Fly sterilisation program fruitful


Fifty tonnes of flaky bran, 25 tonnes of sugar, 12 tonnes of yeast and 150,000 litres of water add up to 1.5 billion Mediterranean fruit flies (Medfly).

The impressive tally is a result of a 10-year operation by specialised facilities at the Department of Agriculture and Food WA (DAFWA), which uses sterile insects to control fruit fly populations.

Medfly is a serious fruit pest and can infest a wide variety of fruit and vegetable crops.

Department senior research officer Bill Woods said the fruit flies reared at the facility were irradiated so they became sterile and special breeding techniques were used so only males were produced.

"These sterile males are then released into known populations of Medfly," he said.

"The wild females who mate with the sterile males will lay only sterile eggs. This is known as the 'sterile insect technique' which is used to control, and in some cases eradicate, outbreaks of Medfly."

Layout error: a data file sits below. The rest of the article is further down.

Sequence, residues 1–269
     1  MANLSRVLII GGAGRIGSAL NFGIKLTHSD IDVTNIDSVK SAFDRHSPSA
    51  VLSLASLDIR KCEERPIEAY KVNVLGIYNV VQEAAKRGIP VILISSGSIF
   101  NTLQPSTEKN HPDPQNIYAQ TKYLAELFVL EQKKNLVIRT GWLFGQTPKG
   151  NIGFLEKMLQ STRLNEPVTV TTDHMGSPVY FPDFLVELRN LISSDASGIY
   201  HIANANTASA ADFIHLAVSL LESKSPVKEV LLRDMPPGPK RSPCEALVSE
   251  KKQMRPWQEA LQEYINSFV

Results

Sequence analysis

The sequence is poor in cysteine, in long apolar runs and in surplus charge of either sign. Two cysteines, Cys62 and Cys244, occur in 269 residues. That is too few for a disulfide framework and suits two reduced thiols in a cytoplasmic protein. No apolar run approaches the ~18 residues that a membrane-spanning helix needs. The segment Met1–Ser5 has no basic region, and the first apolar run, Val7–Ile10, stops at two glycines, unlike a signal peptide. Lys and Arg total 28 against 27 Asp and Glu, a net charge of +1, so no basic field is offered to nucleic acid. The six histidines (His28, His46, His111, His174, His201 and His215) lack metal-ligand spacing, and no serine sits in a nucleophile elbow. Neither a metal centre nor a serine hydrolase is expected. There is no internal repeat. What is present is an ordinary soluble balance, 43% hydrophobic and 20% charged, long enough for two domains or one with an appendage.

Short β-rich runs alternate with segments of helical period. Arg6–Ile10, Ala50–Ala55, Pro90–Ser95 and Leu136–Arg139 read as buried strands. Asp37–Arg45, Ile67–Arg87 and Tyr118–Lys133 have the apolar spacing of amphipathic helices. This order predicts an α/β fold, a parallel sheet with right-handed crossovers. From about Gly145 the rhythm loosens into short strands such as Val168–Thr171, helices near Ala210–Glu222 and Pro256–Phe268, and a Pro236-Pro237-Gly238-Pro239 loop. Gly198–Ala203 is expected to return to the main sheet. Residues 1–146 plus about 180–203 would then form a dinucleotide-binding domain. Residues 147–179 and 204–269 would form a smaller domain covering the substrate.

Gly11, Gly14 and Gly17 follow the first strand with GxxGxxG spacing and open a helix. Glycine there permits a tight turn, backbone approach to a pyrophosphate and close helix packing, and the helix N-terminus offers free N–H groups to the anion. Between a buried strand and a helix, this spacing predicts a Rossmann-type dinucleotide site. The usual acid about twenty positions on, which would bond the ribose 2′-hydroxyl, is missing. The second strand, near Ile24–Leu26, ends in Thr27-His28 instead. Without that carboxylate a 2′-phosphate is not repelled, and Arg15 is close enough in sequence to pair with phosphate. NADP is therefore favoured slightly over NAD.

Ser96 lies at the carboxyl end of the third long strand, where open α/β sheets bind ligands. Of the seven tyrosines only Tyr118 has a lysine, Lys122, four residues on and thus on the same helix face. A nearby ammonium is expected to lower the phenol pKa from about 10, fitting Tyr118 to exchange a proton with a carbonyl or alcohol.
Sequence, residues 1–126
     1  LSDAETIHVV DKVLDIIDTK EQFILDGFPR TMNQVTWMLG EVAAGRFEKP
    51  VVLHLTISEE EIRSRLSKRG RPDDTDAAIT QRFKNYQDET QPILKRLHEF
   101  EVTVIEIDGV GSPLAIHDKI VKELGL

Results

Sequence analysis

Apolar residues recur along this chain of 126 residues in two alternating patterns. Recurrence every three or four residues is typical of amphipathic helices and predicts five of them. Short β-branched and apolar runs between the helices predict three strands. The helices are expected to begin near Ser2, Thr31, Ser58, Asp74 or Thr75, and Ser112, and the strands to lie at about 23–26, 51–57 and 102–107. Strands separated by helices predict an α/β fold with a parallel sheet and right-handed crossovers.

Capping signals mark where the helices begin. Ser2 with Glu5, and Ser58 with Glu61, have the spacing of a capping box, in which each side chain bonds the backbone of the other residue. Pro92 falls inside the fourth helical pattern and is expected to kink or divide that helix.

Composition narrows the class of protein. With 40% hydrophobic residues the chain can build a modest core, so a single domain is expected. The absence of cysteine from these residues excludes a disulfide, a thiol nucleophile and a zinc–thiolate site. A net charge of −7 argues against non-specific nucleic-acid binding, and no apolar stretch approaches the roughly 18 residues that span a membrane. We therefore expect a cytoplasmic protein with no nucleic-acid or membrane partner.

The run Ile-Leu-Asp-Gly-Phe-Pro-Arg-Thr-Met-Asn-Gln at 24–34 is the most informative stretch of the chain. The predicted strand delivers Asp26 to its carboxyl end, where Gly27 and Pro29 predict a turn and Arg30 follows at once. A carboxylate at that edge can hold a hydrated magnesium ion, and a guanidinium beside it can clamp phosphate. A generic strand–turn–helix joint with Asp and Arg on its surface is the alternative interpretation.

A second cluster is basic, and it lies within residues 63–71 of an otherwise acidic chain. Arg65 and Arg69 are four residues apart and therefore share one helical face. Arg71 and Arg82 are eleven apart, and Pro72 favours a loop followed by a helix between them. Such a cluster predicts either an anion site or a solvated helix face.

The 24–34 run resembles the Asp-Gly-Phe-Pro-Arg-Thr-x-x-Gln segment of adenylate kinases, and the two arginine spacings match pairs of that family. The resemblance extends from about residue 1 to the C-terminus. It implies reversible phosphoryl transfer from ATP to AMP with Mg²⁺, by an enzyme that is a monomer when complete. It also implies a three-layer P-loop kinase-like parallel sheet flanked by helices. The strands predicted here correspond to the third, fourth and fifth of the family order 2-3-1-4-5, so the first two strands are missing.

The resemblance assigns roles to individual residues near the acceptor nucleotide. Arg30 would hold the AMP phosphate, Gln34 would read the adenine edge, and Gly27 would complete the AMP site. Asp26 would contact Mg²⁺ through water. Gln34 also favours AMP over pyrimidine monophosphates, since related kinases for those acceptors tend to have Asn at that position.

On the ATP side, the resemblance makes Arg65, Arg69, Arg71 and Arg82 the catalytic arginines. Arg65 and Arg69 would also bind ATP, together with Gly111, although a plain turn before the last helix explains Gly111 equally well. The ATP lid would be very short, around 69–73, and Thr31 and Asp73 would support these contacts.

The male Medfly are grown on an artificial diet of bran sugar and yeast. The bulk of sterile flies are sent to South Australia as part of a successful collaboration with the Department of Primary Industries and Regions in SA.

"Flies are produced at South Perth, sterilised at the pupa stage and then air-freighted overnight to Adelaide," Mr Woods said.

"The consignments are picked up from the airport the following morning. The pupae are placed into containers in special rearing rooms, emerge as winged adult flies and then released throughout the area where a fruit fly outbreak has been found.

"The process is repeated usually over several months until the outbreak has been eradicated."

The collaboration resulted in the eradication of seven outbreaks from SA and the continued improvement of the eradication process which now uses an organic bait for a short period followed by release of sterile flies.

The maintenance of fruit fly area freedom in SA allows fruit to be grown without fruit fly damage while commercial producers can access lucrative overseas markets without having to disinfest the fruit.

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